Project Loon – The Cloud in the Clouds
Google is hoping to take the virtual cloud into the physical clouds with the rollout of its much-vaunted Project Loon.
Whilst cloud connectivity provided by helium-filled weather balloons that float 20 miles (32 km) above the surface of the earth might sound like a bad April Fools joke, Google hopes the technology will help deliver internet access to some of world’s 4.2 billion people who still live without a data connection.
Here we take a look at five interesting facts about the project…
Just two days after being announced to the public in June 2013, Google began the first tests in the Tekapo area of New Zealand’s South Island. After consultation with local aviation authorities, thirty balloons were sent into the stratosphere and successful started beaming internet signal to pilot testers on the ground.
The test has now been expanded to cover approximately 20% of the entire island and will continue to grow throughout 2014. Google hope to conclude their testing by establishing a ring of balloons around the world’s 40th parallel, allowing people at who live at that latitude to receive permanent balloon-powered internet.
Users on the ground are provided with a special internet antenna which can receive signal from the balloons when they are within a 12.5 mile (20 km) range. Internet speeds will be roughly equivalent to regular 3G speeds on the ground.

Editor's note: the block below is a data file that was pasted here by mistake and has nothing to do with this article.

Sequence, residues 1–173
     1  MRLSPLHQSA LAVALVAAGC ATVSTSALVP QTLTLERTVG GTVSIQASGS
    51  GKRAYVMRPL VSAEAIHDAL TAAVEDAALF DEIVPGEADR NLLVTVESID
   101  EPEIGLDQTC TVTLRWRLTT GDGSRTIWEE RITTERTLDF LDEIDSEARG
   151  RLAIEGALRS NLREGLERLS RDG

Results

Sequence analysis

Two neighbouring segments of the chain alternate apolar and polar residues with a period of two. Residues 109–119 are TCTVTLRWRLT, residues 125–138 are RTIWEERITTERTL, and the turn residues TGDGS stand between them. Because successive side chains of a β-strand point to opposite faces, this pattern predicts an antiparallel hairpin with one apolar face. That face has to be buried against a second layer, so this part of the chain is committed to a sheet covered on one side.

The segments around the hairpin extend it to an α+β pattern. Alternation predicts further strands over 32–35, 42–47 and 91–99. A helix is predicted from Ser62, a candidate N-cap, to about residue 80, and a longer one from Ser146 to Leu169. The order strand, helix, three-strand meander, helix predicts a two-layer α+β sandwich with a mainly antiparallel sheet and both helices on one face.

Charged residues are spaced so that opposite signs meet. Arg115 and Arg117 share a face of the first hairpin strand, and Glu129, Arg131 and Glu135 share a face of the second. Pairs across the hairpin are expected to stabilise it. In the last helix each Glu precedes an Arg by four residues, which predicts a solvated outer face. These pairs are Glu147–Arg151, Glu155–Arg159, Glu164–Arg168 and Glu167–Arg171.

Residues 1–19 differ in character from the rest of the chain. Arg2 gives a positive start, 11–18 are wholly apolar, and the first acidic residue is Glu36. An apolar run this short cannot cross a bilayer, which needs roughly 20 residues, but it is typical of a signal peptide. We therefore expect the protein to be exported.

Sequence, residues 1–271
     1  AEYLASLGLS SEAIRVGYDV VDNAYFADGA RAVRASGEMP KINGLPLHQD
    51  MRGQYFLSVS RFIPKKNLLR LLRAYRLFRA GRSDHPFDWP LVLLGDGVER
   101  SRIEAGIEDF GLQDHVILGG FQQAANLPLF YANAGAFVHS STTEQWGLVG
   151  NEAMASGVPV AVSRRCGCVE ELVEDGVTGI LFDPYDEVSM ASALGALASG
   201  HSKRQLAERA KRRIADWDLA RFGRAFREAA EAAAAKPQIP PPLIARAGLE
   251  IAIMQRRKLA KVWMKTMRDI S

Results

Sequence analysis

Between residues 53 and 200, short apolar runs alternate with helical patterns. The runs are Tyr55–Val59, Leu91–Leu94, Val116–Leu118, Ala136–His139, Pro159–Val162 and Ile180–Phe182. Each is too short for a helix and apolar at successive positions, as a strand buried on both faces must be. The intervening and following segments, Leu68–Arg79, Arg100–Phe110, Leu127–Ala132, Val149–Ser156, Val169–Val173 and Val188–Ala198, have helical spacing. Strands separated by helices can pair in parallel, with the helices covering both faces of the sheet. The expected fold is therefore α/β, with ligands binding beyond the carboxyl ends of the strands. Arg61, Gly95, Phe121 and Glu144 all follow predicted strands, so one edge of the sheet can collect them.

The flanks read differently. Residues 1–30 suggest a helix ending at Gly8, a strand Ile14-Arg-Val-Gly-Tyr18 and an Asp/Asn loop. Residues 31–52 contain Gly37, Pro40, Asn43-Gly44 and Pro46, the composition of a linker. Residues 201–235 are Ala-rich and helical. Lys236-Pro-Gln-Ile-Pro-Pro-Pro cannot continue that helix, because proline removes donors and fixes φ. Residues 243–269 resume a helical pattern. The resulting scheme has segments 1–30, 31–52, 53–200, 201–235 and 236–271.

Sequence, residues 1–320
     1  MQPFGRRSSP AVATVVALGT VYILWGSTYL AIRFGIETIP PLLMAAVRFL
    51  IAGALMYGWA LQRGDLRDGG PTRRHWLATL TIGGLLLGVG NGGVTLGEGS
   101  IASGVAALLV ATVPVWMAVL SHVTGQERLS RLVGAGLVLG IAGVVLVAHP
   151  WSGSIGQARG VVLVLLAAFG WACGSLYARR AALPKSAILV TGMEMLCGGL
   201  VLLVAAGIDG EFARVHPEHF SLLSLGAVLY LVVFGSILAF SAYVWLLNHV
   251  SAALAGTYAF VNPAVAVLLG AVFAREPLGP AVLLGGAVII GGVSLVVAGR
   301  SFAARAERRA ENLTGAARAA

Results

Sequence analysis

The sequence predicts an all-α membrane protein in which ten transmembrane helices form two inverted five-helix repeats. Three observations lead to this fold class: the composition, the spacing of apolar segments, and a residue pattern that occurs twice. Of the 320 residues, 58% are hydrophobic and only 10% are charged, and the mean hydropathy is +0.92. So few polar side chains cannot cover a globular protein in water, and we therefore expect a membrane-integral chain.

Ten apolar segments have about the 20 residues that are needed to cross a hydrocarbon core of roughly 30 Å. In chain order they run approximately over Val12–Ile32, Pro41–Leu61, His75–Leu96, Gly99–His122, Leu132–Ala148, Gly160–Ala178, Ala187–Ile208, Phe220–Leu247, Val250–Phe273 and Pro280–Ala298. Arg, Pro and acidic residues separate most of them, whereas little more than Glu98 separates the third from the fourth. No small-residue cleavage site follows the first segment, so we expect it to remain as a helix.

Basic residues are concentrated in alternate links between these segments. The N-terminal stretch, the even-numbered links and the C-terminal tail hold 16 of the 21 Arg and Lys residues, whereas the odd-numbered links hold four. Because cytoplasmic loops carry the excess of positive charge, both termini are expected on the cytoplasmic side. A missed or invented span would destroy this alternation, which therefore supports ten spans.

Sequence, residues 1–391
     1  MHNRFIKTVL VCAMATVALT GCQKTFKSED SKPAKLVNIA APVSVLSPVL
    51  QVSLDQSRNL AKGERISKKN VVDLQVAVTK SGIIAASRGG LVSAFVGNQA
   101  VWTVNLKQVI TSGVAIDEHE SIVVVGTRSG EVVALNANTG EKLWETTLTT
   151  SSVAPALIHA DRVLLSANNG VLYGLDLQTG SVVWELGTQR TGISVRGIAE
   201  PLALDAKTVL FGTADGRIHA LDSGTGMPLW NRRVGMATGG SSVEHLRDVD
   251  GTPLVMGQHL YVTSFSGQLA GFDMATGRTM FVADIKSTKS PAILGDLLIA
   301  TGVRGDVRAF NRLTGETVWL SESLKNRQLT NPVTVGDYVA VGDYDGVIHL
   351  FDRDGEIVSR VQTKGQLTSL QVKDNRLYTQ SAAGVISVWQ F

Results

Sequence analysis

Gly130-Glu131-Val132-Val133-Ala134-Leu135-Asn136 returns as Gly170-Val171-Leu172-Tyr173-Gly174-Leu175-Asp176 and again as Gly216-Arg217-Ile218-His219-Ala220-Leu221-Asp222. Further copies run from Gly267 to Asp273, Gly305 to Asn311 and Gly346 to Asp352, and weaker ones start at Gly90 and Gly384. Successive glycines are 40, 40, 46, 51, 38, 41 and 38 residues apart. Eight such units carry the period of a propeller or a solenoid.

A truly incredible piece of engineering, each balloon will be only 3 millimetres thick owing to its construction from polyethylene plastic. They will not fully inflate until they are in their orbiting position, when they will measure 12 metres by 15 metres. Each individual balloon will have a serviceable life of approximately 100 days, where-after the gas will be released and it will be slowly brought back to the surface.
Project Loon will be entirely powered by renewable energy. The balloons will be running 24/7 courtesy of two on-board solar panels, which will both power the electronics and charge the overnight batteries. Movement around the earth will be powered by high level winds in the stratosphere.
5. Disaster Relief
While cynics might say that Google’s plans are more motivated by economical than humanitarian reasons – an undoubted positive side effect of Project Loon is its ability to play a significant role in disaster relief. The balloons can be set up and activated extremely quickly and could quickly restore damaged communication channels for those who are coordinating any recovery.
What do you think about Project Loon? Is it a loon-y idea or an achievable goal? Will Google be successful in their self-styled vision of ‘Balloon-Powered Internet for Everyone’, or will their floating dreams become a deflated disaster? Let us know in the comments below.
By Daniel Price